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● First Sea Lord Admiral Sir Mark Stanhope, Carrier Strike Group commander Cdre Simon Ancona and CO of the nation’s fl agship Capt John Clink salute the Queen in HMCS St John’s from HMS Ark Royal

● HMS Sutherland is lit up in Halifax Harbour d monarch on her specially-constructed dais

“We’re off to the Liverpool next. Do you have any idea where she is?”

slightly cautious.

30 warships mustered in the waters of Halifax Harbour and (b) there’s a swirling mist engulfi ng Nova Scotia’s great port.


THE Canadian voice on the radio is It’s a good question because (a) there are

Canada’s East Coast Fleet and visiting foreign vessels – among them her own Ark Royal, plus her ships Liverpool and Sutherland and RF Fort George – if she can see them. And at 8am that’s distinctly unlikely. Ahead of the Ark Royal, tugs help the giant assault ship USS Wasp – twice Ark’s size – into place in the review line. The sea fug simply swallows her.

great natural harbour – and neither is more than 500 yards distant.

There’s no sight of either shore of this

fl agstaff; thanks to the murk you can see the small light in the crown at the top of the staff. Every minute, a sailor rings Ark Royal’s great bell for fi ve seconds. A shipmate bashes a gong on the quarterdeck – warnings that amid the gloom there’s a ship at anchor. Why not sound the horn? I ask. It is, after all, rather louder. “We’d only use the horn as a last resort because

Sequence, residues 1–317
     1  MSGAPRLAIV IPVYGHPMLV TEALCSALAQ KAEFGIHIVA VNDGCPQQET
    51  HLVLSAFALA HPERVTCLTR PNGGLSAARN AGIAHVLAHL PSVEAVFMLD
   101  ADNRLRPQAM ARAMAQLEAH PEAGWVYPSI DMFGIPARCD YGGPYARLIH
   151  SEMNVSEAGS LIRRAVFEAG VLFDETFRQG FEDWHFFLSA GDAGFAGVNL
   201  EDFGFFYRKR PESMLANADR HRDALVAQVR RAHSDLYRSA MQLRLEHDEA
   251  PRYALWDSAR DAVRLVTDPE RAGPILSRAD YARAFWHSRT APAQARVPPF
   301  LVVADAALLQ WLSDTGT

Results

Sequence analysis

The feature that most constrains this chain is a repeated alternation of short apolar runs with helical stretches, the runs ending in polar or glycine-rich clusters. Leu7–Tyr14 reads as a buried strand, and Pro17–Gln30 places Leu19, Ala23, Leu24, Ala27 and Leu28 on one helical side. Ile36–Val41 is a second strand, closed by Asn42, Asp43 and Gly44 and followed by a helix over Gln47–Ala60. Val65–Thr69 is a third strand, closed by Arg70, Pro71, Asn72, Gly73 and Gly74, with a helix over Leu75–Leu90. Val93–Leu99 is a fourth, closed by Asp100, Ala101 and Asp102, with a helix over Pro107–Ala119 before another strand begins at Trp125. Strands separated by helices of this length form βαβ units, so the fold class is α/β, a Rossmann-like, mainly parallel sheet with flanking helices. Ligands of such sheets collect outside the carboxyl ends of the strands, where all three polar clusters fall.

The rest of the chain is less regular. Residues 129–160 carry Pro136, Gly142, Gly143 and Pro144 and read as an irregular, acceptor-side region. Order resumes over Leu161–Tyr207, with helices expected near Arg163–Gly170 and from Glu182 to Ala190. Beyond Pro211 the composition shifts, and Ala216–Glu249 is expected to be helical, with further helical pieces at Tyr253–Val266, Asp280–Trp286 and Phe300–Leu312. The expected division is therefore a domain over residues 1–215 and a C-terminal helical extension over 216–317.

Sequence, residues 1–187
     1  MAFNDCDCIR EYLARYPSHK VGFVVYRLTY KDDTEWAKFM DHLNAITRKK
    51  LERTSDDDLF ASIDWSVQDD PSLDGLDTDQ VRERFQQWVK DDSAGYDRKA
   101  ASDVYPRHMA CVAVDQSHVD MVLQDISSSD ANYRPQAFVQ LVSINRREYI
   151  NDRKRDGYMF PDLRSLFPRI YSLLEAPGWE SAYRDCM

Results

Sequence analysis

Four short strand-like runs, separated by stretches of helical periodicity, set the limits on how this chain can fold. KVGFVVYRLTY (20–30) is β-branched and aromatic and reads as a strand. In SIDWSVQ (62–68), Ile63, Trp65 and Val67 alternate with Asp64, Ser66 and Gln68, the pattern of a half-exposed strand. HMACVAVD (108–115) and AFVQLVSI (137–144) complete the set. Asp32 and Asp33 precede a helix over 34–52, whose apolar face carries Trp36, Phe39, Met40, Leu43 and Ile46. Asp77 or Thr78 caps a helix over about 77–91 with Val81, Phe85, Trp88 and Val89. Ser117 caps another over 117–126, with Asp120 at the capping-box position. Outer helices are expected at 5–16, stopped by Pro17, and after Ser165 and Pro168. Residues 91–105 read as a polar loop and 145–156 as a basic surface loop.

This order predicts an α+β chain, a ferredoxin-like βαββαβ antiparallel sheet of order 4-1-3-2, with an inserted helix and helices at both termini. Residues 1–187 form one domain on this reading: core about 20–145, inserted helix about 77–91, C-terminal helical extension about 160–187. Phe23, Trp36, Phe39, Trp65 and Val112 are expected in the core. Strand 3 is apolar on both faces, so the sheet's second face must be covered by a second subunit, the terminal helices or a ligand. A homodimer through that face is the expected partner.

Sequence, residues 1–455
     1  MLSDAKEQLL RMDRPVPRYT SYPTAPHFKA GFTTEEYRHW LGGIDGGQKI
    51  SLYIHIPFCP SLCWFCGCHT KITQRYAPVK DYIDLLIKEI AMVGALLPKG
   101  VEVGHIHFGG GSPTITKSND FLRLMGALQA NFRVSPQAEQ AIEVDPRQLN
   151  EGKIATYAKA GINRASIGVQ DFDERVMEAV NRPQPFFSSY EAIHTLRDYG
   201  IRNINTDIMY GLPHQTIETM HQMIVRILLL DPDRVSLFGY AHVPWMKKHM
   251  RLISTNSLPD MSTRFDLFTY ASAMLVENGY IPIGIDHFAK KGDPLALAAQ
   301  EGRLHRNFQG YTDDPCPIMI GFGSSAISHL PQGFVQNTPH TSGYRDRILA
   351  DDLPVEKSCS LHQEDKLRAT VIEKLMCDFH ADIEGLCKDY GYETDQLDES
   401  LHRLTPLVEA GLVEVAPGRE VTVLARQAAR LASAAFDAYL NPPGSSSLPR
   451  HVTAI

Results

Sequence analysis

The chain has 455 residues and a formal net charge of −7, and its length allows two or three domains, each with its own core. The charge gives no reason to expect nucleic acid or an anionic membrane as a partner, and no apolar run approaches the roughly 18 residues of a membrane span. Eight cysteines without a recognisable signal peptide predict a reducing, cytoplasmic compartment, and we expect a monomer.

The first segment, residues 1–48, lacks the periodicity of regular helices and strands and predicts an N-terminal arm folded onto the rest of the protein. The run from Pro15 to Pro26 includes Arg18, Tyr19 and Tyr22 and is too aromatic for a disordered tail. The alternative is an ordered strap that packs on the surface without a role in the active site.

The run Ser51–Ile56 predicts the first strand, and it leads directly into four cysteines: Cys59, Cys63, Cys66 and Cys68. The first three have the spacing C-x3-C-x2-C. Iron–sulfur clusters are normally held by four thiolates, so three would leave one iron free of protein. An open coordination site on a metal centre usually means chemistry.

The Union Jack hangs limply on the e

the gateways to the continent before the advent of the airliner. A century ago, the Royal Canadian Navy was born here. One hundred years later it remains the home of Canada’s Atlantic Fleet. And it is here that the navies of the western world – British, Dutch, French, Danish, Brazilian, German and American – have gathered for Canada’s naval centennial.

six hours’ time Her Majesty the Queen will review VISITING sailors from the UK will fi nd much in It’s 8am on Tuesday June 29 2010. In a little over

con tha


“The Navy is out of sight, out of mind,” one vice admiral laments in Halifax’s daily paper, The Chronicle Herald. “And it’s not always appreciated.” Sea blindness, it seems, is not just a British disease… And visiting Jacks and Jennies will fi nd Halifax a mix of Portsmouth and Devonport. You could say they’re ’fax similax...


Halifax that resonates with back home. They will fi nd the front pages of the papers dominated by casualties in Afghanistan – and considerable debate about Canada’s role in that troubled land. They will fi nd veterans protesting that today’s generation know little of past deeds by the Canadian Navy and less still of the efforts of present-day sailors.

Britons have been known to complain about the ‘British summer’. Try a Haligonian summer. One day blistering sunshine and temperatures of 25+ºC. The next torrential, horizontal rain whipping into you like hailstones and temperatures a good ten degrees lower.

Liverpool and Sutherland left their berth at Pier

21 – fi ttingly where Canadians have traditionally welcomed foreigners to their shores – to move to their anchorages the day before the review with a wall of mist and rain moving inexorably up the harbour.